From labor disputes cases to labor and employment publications, for your research, you’ll find solutions on Bloomberg Law®. Protect your clients by developing strategies based on Litigation...
By Chris Opfer
Oct. 15 — Among the assorted business, worker and professional groups to weigh in on the Labor Department's proposed rule to expand overtime pay for workers, one of the more unexpected players is an organization representing some of the country's best golfers.
The new overtime rule (RIN 1235–AA11) would make some 5 million additional workers eligible for time-and-a-half pay for all hours worked in excess of 40 per week. It would limit the “white collar” exemption for certain management and professional employees by more than doubling the salary limit for automatic overtime eligibility to $50,440 per year from $23,660.
The Professional Golfers' Association recently hired lobbying firm Crossroads Strategies LLC to urge lawmakers and the DOL to tweak the proposed overtime rule. The golfers want certain fees and commissions included when considering whether a worker exceeds the exemption's salary threshold. If the fees and commissions that many PGA members earn for giving golf lessons isn't included in the calculation, the group says, those workers could actually see their paychecks shrink. That's because club owners will simply pocket the money and increase the golfers' salaries slightly above the new threshold level, they say.
“We strongly encouraged the U.S. Department of Labor to take a broader approach on how it proposes to define compensation,” PGA Chief Operating Officer Darrell Crall told Bloomberg BNA via e-mail Oct. 15. “The proposed rule takes a one-size-fits-all approach to salary income and does not consider the differing compensation systems in varied industries.”
The association's 27,000 members are golf professionals trained through an accredited apprenticeship or college program or who opt out of training requirements by passing a written exam. The PGA also organizes or sponsors a number of high-stakes annual tournaments on the professional golf circuit.
The Labor Department received some 250,000 public comments on the overtime rule. That includes a list of concerns submitted jointly by the PGA, the Club Managers Association of America, the Golf Course Superintendents of America, the National Golf Course Owners Association and the National Club Association.
The groups said many of the golf and tennis professionals employed at clubs across the country may be paid salaries below the proposed threshold, but their total earnings are significantly higher when accounting for the “lesson fees, program fees and commissions” that they get for giving training sessions. That arrangement could change if the new rule goes into effect as proposed, they said.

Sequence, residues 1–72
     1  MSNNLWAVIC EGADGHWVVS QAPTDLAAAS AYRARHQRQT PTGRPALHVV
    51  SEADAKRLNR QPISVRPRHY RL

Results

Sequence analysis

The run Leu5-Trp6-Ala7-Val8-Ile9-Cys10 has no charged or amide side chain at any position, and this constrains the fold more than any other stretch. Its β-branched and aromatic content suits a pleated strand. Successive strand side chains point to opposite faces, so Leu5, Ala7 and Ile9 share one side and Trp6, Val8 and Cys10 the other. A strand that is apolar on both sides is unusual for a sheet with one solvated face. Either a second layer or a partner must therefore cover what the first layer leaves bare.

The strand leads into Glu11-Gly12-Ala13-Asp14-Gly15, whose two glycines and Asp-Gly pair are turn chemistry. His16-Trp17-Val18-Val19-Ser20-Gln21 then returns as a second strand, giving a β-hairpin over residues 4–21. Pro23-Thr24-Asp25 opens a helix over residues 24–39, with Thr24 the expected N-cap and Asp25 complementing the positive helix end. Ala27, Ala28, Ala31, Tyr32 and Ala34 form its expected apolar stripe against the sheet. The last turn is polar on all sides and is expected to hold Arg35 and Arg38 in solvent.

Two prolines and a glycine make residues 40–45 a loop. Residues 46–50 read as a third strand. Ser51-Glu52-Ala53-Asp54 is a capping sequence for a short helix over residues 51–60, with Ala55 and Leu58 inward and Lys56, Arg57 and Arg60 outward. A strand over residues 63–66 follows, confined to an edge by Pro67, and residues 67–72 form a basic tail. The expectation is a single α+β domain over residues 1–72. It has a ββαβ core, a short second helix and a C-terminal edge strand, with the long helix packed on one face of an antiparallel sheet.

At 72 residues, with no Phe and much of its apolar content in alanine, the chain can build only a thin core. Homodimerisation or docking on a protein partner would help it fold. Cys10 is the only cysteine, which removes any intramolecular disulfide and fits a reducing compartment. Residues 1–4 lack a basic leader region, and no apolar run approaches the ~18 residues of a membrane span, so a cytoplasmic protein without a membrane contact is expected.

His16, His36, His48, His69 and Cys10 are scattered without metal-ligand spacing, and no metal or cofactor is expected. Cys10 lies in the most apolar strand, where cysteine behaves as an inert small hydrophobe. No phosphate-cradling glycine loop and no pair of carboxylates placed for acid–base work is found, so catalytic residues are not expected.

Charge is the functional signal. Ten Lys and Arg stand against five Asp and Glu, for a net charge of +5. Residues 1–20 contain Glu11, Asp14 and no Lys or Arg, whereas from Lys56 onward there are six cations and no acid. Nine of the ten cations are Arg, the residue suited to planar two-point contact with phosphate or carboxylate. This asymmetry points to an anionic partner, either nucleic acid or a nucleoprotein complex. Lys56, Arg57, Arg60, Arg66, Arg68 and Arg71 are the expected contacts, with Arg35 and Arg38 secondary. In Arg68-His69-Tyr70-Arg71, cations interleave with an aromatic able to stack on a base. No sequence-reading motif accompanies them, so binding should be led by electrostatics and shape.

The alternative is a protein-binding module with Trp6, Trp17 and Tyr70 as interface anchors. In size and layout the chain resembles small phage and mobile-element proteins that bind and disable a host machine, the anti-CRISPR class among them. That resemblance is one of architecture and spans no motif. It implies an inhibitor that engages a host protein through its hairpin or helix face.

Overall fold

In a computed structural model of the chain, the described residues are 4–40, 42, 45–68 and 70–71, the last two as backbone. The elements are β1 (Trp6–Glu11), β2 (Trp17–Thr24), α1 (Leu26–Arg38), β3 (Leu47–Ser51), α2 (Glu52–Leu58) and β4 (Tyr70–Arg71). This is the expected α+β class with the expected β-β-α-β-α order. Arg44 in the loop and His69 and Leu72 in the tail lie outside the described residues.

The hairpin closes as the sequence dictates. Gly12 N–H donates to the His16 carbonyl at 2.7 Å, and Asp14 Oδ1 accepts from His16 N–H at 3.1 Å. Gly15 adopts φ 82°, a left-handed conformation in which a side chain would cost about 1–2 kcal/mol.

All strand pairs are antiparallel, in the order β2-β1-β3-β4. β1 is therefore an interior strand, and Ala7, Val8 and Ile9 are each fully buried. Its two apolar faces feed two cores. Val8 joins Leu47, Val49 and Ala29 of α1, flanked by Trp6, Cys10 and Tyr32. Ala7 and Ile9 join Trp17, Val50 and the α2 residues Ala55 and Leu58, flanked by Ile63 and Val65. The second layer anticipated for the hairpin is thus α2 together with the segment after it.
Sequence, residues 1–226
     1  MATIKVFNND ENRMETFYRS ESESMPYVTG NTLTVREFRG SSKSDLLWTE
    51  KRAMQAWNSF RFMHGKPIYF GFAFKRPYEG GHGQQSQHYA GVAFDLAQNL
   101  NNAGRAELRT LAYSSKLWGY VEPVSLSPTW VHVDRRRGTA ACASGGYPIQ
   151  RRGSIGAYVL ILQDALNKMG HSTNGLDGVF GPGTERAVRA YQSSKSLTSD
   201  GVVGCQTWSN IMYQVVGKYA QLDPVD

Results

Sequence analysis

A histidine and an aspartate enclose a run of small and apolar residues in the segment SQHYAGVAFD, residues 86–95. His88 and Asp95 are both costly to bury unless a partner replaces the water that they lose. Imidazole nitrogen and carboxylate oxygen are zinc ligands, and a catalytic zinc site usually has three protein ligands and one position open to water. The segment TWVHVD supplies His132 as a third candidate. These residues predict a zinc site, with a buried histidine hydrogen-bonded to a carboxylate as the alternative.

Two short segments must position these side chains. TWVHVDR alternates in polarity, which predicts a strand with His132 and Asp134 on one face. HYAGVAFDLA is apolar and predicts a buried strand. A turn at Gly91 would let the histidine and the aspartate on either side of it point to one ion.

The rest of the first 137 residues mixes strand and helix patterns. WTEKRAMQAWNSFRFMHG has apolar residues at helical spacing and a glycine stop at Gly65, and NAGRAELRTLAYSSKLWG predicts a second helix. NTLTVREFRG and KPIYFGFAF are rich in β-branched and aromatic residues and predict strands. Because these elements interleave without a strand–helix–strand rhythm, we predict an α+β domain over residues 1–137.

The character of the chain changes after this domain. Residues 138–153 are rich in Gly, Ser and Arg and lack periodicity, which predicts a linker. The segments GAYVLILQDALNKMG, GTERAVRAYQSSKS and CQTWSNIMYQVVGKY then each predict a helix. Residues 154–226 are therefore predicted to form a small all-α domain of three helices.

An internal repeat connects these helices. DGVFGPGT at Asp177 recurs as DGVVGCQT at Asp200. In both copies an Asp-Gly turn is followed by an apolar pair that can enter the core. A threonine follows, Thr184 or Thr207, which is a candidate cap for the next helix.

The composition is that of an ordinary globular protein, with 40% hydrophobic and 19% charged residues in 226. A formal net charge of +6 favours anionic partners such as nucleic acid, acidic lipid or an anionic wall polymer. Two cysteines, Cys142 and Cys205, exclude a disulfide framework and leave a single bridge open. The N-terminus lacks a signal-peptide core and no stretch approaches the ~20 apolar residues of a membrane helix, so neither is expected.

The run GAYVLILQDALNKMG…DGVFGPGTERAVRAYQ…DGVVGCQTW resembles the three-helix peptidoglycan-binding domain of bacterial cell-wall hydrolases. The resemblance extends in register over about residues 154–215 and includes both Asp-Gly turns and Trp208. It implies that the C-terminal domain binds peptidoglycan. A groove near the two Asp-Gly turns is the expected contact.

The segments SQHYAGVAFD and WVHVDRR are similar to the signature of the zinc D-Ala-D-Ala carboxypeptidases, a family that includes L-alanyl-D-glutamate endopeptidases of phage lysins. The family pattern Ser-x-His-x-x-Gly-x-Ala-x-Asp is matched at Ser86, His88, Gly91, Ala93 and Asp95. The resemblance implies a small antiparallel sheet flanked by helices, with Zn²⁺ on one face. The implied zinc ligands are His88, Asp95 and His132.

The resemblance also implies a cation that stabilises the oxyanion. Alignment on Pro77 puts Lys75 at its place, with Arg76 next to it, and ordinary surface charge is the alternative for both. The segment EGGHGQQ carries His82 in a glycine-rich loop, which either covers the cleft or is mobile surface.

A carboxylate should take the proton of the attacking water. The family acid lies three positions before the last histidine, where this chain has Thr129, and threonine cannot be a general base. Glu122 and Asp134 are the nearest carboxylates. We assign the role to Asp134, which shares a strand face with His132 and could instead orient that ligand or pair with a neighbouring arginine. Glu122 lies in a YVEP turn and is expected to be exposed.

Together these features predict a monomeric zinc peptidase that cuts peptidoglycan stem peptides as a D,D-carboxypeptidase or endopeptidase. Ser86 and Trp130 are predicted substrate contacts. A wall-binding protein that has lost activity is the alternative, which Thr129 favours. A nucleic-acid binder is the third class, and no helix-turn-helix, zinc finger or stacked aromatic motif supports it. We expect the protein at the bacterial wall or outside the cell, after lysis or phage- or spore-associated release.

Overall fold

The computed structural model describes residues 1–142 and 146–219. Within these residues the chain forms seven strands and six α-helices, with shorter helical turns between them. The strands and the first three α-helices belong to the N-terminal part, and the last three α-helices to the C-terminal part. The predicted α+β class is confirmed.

“For example, a club might increase base salary above the exemption level, but will retain lesson and program fees, thus limiting the earning potential of these employees,” the groups wrote. “In addition, currently exempt employees may be converted to an hourly basis and limited in their hours to conduct lessons or programs.”
At present, the DOL includes salaries, hourly pay and some fees in determining whether a worker meets the current threshold for exempt status. When it unveiled the proposed rule in June, the DOL asked stakeholders to weigh in on whether it should also consider commissions.
The PGA and other golf industry organizations also reiterated some of the concerns about the proposed rule that have been regularly raised by business groups. They said the regulation doesn't take into account regional cost-of-living differences and warned that increased payroll costs could force clubs to shed jobs, particularly in an industry where hours and revenue vary widely by season.
A DOL spokesman didn't immediately respond to Bloomberg BNA's request for comment.
To contact the reporter on this story: Chris Opfer in Washington at email@example.com
To contact the editor responsible for this story: Susan J. McGolrick at firstname.lastname@example.org
All Bloomberg BNA treatises are available on standing order, which ensures you will always receive the most current edition of the book or supplement of the title you have ordered from Bloomberg BNA’s book division. As soon as a new supplement or edition is published (usually annually) for a title you’ve previously purchased and requested to be placed on standing order, we’ll ship it to you to review for 30 days without any obligation. During this period, you can either (a) honor the invoice and receive a 5% discount (in addition to any other discounts you may qualify for) off the then-current price of the update, plus shipping and handling or (b) return the book(s), in which case, your invoice will be cancelled upon receipt of the book(s). Call us for a prepaid UPS label for your return. It’s as simple and easy as that. Most importantly, standing orders mean you will never have to worry about the timeliness of the information you’re relying on. And, you may discontinue standing orders at any time by contacting us at 1.800.960.1220 or by sending an email to email@example.com.
Put me on standing order at a 5% discount off list price of all future updates, in addition to any other discounts I may quality for. (Returnable within 30 days.)
Notify me when updates are available (No standing order will be created).
This Bloomberg BNA report is available on standing order, which ensures you will all receive the latest edition. This report is updated annually and we will send you the latest edition once it has been published. By signing up for standing order you will never have to worry about the timeliness of the information you need. And, you may discontinue standing orders at any time by contacting us at 1.800.372.1033, option 5, or by sending us an email to firstname.lastname@example.org.
Put me on standing order
Notify me when new releases are available (no standing order will be created)